Demonstrating how to cook healthier foods was an effective way to teach kids about nutrition, found a study of 125 children, ages 10–12 years, who watched cooking shows in the classroom. For comparison, one group of the children watched video clips of a program showing how to cook healthier foods while another group watched the same show featuring unhealthy foods. Afterwards the children were offered a snack.

As reported in the Journal of Nutrition Education and Behavior, the kids who watched the program on cooking healthy foods were 2.7 times more likely to choose an apple or slices of cucumber as their snack than those who watched the less healthy version of the show—these kids more often chose a handful of chips or salted mini-pretzels.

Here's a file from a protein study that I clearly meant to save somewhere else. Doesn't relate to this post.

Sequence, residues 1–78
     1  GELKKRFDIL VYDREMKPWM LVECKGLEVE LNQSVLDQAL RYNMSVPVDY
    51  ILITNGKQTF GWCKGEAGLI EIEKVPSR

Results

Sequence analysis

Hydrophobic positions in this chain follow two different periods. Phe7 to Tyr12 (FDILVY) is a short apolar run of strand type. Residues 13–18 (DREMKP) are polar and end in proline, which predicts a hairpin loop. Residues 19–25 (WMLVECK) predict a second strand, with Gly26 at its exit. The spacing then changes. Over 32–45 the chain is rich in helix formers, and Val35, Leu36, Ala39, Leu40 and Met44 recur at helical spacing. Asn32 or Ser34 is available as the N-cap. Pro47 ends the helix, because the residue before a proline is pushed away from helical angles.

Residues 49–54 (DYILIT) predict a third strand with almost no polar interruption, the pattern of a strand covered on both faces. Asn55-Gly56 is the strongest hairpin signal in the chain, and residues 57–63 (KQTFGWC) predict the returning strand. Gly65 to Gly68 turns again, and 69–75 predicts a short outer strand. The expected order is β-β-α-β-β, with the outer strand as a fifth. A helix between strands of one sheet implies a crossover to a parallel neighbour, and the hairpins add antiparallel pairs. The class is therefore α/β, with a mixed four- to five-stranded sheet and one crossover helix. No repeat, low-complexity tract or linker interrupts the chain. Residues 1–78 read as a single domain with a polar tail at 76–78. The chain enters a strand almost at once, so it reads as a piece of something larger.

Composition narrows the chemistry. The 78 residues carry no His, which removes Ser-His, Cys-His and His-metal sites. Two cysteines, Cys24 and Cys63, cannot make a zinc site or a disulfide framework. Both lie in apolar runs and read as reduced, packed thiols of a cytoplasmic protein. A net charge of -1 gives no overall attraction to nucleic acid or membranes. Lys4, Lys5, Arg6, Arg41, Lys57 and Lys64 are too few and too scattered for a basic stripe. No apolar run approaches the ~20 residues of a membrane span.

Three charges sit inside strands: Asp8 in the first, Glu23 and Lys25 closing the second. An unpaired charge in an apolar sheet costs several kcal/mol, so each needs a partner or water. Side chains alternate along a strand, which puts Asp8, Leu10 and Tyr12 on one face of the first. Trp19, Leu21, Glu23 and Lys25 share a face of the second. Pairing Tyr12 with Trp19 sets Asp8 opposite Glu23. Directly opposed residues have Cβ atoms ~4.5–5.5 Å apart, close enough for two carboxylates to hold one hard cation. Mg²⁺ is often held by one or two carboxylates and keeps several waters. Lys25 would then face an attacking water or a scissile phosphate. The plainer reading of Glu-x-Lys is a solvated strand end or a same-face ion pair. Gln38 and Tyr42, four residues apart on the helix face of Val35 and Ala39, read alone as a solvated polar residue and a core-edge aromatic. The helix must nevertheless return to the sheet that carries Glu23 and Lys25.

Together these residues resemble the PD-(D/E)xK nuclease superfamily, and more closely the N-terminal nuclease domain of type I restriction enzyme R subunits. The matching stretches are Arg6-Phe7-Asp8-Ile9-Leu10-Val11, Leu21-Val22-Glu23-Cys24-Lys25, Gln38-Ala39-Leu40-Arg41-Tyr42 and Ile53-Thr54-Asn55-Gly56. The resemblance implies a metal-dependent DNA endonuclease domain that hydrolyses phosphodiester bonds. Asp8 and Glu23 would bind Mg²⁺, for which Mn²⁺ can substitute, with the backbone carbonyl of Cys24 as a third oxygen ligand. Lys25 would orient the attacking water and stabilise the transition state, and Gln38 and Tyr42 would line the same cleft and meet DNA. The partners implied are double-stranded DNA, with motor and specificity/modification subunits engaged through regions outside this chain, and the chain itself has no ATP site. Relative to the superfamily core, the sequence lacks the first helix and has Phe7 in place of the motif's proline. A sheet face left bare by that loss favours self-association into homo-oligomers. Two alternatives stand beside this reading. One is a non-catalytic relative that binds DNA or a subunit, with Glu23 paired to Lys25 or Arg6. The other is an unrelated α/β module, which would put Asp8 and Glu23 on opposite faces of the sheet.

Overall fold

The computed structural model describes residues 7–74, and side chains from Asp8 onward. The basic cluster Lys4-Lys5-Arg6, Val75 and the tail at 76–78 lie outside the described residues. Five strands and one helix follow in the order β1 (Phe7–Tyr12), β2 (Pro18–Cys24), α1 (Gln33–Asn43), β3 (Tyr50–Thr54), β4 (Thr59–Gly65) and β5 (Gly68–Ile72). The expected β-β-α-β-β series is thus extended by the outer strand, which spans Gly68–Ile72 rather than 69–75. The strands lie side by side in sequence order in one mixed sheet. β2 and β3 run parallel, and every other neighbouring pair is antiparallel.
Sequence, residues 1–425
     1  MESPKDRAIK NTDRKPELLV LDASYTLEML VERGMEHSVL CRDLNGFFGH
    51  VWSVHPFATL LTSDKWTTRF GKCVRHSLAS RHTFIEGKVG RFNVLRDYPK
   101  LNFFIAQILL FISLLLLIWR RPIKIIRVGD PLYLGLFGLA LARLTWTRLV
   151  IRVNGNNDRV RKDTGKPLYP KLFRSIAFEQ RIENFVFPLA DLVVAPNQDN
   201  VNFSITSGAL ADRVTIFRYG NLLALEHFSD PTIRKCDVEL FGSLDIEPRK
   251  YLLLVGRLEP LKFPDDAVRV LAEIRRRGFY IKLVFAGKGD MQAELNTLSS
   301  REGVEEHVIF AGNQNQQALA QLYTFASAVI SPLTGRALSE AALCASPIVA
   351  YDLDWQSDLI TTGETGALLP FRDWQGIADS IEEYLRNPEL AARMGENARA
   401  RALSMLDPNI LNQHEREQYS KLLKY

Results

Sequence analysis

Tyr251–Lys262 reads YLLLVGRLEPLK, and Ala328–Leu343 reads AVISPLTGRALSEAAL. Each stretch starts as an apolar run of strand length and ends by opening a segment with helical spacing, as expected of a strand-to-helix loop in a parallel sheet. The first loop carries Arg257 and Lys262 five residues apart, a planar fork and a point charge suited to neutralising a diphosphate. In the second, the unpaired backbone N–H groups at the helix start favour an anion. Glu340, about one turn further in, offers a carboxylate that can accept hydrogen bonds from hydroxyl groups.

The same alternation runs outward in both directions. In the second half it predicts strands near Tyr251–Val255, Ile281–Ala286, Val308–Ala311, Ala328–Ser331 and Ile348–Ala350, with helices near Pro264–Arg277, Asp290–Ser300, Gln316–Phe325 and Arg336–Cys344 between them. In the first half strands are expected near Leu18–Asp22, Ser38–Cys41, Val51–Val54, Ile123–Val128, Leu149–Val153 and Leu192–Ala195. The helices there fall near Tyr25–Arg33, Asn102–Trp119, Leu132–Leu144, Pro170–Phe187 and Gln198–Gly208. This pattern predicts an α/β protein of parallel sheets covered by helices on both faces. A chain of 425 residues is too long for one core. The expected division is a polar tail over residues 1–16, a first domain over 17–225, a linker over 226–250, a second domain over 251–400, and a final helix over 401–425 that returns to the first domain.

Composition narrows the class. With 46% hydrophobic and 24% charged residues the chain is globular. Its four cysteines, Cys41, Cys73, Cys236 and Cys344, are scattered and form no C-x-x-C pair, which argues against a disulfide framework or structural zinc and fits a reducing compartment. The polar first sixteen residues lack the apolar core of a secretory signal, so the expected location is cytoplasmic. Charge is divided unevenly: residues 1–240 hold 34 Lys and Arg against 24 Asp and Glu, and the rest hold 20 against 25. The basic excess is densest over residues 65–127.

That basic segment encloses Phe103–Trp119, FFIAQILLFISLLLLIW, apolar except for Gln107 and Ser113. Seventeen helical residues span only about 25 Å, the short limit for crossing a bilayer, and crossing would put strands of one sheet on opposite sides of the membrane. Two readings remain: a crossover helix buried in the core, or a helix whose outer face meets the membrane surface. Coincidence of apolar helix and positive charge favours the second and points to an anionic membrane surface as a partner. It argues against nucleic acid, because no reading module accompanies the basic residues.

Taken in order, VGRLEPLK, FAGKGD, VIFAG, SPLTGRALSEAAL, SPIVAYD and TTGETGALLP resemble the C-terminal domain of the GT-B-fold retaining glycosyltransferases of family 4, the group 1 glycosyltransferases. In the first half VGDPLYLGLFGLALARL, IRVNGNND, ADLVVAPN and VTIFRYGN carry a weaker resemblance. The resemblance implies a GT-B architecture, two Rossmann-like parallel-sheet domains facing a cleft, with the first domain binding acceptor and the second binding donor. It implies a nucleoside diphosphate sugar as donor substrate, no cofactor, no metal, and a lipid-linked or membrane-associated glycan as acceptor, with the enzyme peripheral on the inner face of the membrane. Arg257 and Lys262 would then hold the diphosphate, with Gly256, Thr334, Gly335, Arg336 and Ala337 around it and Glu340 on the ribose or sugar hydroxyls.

The investigators pointed out that children are more likely to eat nutrient-rich foods when they help make the meal, but noted that fewer families prepare foods from scratch than did in the past. The study authors suggested that the visual medium of video may be a beneficial addition to school curricula.